Right now, it’s all speculative and rather unknown. I’ve had to deal with beloved ex-Mets regularly but not at this level in a very long time. Not at the “he’s my favorite” tier. That’s a tough tier to negotiate. I regularly rooted for Fonzie to take the measure of the Gl@v!nes and Trachsels when he was a Giant and they were boring.
If you could convince me all this was part of a master strategic plan to improve the franchise, OK. Sometimes players have to go so as to bring in better or different players. I was in mad love with Melvin Mora in 2000 yet understood the need for a dependable defensive shortstop (even if what we got was Mike Bordick). If someday a champagne-soaked Sandy Alderson can trace a championship to the meeting he had with his braintrust in the fall of 2011 when they knew letting Jose Reyes go would be painful but ultimately baseball-beneficial, I’ll gather all the hindsight at my disposal and retroactively praise the thought process to the high heavens.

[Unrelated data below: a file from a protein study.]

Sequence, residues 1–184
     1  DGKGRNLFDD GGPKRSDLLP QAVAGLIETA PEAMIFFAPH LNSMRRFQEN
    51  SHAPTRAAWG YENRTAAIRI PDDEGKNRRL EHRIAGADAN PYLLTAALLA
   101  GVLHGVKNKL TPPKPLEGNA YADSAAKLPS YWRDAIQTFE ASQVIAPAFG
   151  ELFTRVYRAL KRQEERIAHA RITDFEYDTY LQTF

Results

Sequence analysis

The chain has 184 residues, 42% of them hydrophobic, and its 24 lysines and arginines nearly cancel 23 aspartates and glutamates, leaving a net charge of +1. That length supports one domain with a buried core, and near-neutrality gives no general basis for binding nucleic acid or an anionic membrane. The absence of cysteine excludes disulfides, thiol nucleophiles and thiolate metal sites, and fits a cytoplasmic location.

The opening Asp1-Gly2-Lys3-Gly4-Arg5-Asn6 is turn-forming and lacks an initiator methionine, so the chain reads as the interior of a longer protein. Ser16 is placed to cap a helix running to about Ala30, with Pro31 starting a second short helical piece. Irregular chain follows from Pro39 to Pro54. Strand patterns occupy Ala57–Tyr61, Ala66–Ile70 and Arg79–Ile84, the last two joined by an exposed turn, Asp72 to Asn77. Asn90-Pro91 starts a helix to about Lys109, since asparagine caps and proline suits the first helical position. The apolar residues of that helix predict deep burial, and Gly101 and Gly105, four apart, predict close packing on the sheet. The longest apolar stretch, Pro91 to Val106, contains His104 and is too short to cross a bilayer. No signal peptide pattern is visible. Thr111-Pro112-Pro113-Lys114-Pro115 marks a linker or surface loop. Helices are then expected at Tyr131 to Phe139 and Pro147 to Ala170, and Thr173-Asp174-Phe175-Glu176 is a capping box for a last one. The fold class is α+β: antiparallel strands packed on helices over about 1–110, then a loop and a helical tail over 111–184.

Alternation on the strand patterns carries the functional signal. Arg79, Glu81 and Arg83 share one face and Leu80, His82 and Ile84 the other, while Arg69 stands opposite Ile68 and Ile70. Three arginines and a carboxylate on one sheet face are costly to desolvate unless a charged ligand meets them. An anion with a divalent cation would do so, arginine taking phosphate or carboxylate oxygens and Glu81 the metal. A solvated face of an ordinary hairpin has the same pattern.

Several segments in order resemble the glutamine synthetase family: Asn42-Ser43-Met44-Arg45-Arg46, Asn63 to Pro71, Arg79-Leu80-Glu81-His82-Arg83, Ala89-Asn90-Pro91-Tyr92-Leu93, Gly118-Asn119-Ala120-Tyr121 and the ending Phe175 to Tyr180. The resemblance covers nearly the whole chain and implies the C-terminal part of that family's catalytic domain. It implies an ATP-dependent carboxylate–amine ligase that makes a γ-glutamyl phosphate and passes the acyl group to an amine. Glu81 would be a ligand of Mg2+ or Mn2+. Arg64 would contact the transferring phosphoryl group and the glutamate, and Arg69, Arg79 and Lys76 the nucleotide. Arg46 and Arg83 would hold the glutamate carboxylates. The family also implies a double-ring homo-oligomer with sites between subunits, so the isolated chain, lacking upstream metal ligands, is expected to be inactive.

But this is about ownership not having the money to keep their best player in his prime because they figured out a way to lose it. It’s not about roster maximization and I don’t believe it’s about not giving six years to a dicey hamstring risk. No way Jose would have gone had Bernie Madoff not come along. This used to be a large-market, big-league operation. For the time being, we’re condemned to Bisonmania.
You’re welcome to your spin. Mine is our franchise, the one to which we pledge our fealty, has been diminished. Jose Reyes’s departure isn’t the cause of that but a symptom of it. I don’t have any idea when this trend will be reversed. I hope it won’t be too long.
I do a lot of hoping as a Mets fan.